Trying to get color and interest in a shade garden can be a challenge. But there are some that don’t mind it at all . In fact, these 20+ perennial and annual plants love the shade. There is a lushness about them that I really enjoy, too.
My shade garden is thriving.
I planted this garden bed two years ago with the lasagne gardening technique. Basically I covered the sod with cardboard, added more sod (root side up) on top and then top dressed it with top soil.) It took about 2 months to kill all the old weeds and I just planted whatever I had to spare in there. Much of it languished and had to be moved because the area really is quite shady. Only about 1/3 of the bed gets even filtered afternoon light. The rest of the day, the bed in mainly in the shade.
I don’t have a true before picture of this bed. I had cleaned it up quite a bit by the time I took this picture. This was taken in about March when the plants had just started growing well. I had transplanted several perennials that needed more sunlight by this time.
The bed sits along a chain link fence (which I hate and wanted to hide) and also partly overlooked my storage area and potting area which is kind of untidy. So I needed something along the fence line to hide it and the view beyond it.
I chose this rhododendron because it was a bargain ($14.99), because I love the flowers it will bear, and because it was big. It likes the shade of the Pin Elm tree above it and is growing nicely and hides a lot of the potting area behind it.
The right side of the fence line that gets a bit more sunlight in the afternoon is home to this gorgeous butterfly bush. It does well here too. It is not as lush as my butterfly bushes in the sun, but has grown taller and the blooms are something else.
Look at the size of this blossom! The bees just love it and it’s great at hiding the fence and also adding some blossom color to the bed which it needs.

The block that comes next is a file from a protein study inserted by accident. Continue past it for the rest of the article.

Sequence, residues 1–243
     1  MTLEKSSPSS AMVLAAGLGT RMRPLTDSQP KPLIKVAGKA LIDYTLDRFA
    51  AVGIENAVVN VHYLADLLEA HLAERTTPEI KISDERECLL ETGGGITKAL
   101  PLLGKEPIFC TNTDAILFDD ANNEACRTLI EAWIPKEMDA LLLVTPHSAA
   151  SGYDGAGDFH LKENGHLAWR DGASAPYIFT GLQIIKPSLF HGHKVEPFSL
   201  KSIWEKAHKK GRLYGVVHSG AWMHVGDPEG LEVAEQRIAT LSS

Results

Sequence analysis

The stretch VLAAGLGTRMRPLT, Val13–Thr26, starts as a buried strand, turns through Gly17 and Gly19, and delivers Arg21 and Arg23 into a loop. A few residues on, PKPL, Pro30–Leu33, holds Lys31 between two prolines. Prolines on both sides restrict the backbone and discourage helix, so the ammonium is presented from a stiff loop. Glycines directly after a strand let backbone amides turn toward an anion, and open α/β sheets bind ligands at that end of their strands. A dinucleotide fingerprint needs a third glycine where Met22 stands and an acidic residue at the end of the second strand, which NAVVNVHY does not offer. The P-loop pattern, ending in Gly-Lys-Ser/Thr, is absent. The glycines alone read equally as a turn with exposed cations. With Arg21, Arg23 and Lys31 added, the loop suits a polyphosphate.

In the middle of the fence line is a Blue Salvia and also a smallish Old fashioned Bleeding heart. I previously killed my last bleeding heart by putting it in a shady part of a garden bed that gets afternoon sun. This one loves its new spot. It gets only a tiny bit of afternoon light and shade the rest of the day and is growing well.
It is easy to see why it’s called a bleeding heart, isn’t it?
Begonias are a wonderful flowering plant that can be the real start of a shade garden. They are normally annuals but can be dug up in the fall to re-plant again in the spring. See my article on growing begonias here. Many begonias have very interesting leaves and really showy flowers.
During this process, I discovered my love of hostas. Whenever I was out shopping, if I saw a variety I did not have (and it was on sale!) I snapped it up and planted it in this bed. I have several varieties planted in this bed and in other shady areas of my garden. Most don’t like a lot of sun.
*Disclaimer: Most of the following hosta pictures have names that I have had to research. I buy many of my plants from back yard gardeners and they don’t often identify the plants. I believe these to be the correct names. If any readers notice mistakes, please let me know in the comments and I’ll make corrections. Thanks!
This Hosta Albo Marginata loves the shade. Even in quite full shade the dark green leaves have the white outer margins that give me the variegated look I love.
My shade garden goes from a completely shaded area of the house around the house (which gets morning sun) and to the front which faces North and is almost completely in shade. This Blue Angel Hosta is on the north facing area and still flowers all summer long.
This Golden Nugget Hosta gets mainly shade all day long. The flowers that grow on a long stalk don’t mind. They are like tiny lilies.
I love the muted colors of this Gold Standard Hosta. It is just getting ready to flower in this photo.
Hosta Crumb cake has pale green fluted leaves with slightly darker margins. It hasn’t flowered yet but seems to love its spot in the shade.